If you have been sitting things out, but are considering getting back in to investing due to the really low interest rates, here was an interesting introductory plan from www.bloggingstocks.com.
Money market accounts and certificates of deposit are safe, but they provide very little return on your investment. This fact, and the invigorated stock market, provoked one of my bankers, Dobrinka, at the local Santa Monica Wells Fargo branch, to ask for advice on how I would invest $25,000 if I was just starting out.
This is a common question although the starting point in terms of cash varies. It certainly makes a difference how old the person is, their general knowledge about investing and finance, and the particulars of their financial statement.Here is what I suggested sticking to regular themes I have written about before and broadly speaking would be a conservative approach emphasizing safety, diversity, liquidity, dividends and the potential for growth far exceeding cash in the mattress or in a money market account. I also think that it is important for beginners to educate themselves so my suggestions include an educational aspect.
It is critical to protect yourself against market volatility as best you can and this goes double for when your just starting out. For this reason Step No. 1 is to put about a third of the funds in bonds. This is very conservative, provides a high yield and dampens market volatility. It is a baby step in the right direction.
For this portion of the funds I recommended the Vanguard Total Bond Market ETF (NYSE: BND). You can buy 100 shares for about $7,800 as of yesterday's close. It pays about 4% and can be cashed out if need be almost immediately.
Historically, equity will appreciate faster than debt, and index funds have beaten stock picking 80% of the time while costing less to own. For the next third of the money, Step No.2, I recommended the Vanguard Total Stock Market ETF (NYSE: VTI). This will pay about a 3% yield and owns thousands of stocks. It closed yesterday around $51. If you buy 150 shares it will cost about $7,700.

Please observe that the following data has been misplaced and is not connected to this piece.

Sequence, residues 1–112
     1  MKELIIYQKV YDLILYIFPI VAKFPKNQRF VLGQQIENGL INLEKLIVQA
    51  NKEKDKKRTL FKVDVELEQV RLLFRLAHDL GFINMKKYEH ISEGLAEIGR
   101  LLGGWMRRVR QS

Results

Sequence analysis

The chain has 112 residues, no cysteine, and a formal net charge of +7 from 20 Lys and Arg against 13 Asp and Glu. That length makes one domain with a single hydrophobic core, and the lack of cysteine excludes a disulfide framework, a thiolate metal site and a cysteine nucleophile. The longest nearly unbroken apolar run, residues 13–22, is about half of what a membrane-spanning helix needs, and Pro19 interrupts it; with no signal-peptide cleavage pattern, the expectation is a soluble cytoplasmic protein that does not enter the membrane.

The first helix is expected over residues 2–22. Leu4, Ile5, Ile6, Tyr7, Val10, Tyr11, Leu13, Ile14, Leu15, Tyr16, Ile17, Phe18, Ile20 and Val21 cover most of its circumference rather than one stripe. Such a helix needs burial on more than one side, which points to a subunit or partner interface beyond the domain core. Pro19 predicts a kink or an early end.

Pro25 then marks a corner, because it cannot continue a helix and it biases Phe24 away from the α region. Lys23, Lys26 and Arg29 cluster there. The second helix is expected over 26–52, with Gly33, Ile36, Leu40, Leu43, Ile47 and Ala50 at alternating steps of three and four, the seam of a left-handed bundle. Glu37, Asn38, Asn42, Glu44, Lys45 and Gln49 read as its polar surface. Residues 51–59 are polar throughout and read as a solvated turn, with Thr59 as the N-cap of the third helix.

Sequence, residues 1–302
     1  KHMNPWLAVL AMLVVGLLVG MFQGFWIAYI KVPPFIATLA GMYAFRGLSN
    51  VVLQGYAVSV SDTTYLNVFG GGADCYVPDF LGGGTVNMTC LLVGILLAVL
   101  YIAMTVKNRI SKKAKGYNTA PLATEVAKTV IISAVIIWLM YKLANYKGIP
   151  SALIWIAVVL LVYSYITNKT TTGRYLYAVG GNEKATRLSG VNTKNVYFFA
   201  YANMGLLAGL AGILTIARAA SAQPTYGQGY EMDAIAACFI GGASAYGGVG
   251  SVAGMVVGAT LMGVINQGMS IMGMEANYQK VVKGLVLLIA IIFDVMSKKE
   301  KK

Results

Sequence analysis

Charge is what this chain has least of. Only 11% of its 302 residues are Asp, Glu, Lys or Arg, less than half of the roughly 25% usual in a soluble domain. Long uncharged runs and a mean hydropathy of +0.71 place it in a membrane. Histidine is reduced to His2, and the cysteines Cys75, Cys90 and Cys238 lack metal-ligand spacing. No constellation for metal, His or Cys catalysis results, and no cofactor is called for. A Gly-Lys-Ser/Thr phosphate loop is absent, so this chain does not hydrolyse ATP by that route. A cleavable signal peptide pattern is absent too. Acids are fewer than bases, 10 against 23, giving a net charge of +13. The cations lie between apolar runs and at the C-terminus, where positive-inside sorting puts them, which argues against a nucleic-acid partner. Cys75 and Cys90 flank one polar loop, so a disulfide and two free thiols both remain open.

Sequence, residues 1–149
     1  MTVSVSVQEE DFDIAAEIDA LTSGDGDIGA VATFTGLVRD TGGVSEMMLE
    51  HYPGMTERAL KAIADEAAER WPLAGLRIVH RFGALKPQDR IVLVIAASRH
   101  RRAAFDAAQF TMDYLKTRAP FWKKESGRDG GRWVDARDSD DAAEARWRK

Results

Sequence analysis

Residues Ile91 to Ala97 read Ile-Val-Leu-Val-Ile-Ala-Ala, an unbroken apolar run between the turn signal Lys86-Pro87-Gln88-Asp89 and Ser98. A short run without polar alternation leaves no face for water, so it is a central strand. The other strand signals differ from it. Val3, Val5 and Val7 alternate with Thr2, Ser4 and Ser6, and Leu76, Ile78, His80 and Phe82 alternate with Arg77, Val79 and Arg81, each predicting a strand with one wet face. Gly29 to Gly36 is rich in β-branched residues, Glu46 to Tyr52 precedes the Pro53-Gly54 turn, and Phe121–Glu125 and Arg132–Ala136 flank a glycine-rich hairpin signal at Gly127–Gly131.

These two funds would actually be a good start for most people and if that was all they owned and they want to sleep easy it would be enough without any other moves. However, if that was the case I would invest one third in bonds and two thirds in stocks. These two investments give you a higher yield than cash and you will own a very large segment of the bond and stock market. Together it will consume $15,500 of your $25,000 leaving $9,500.The next step is not essential, but I recommended it because I think it is important to ones education to feel ownership in something specific: read the annual reports and become familiar with the workings of the market and business in general.
Step No.3 adds four stocks in different industries, that have long histories of superior management, branding power, dividends, admirable balance sheets and they are in businesses that have been around and will be around a long time. I have written about all of them and the most recent post is linked.
Johnson & Johnson (NYSE: JNJ) closed at $60.59 so say 50 shares costs about $3,100.
Olin Company (NYSE: OLN) closed at $14.18 so say 150 shares costs about $2,100.
United Parcel (NYSE: UPS) closed at $54.53 so say 50 shares costs about $2,800.
Wells Fargo (NYSE: WFC) closed at 27.17 so 100 shares costs about $2,700.
These four buys total $9,700, but I am confident my inquisitive banker friend can come up with the extra $200. Some people might recommend getting equal dollar values of each stock and let the number of shares be odd numbers. This might be alright for large numbers of shares but not for so few. It is better not to have odd lots. These figures are close enough to balanced.There are many more solid companies that one might include, but I think the point has been made about the approach to take. When it comes time to invest the next $25,000 I would alter the mix some. I would split the money equally between the stock index fund and the individual stocks and exclude the bond fund reducing it as a percentage of the total, favoring equity over debt.
Sheldon Liber is the CEO of a small private investment company and the principal for design and research at an architecture & planning firm. He writes the columns Chasing Value and Serious Money. Disclosure [by Sheldon]: I own shares of everything discussed BND, VTI, JNJ, OLN, UPS, and WFC.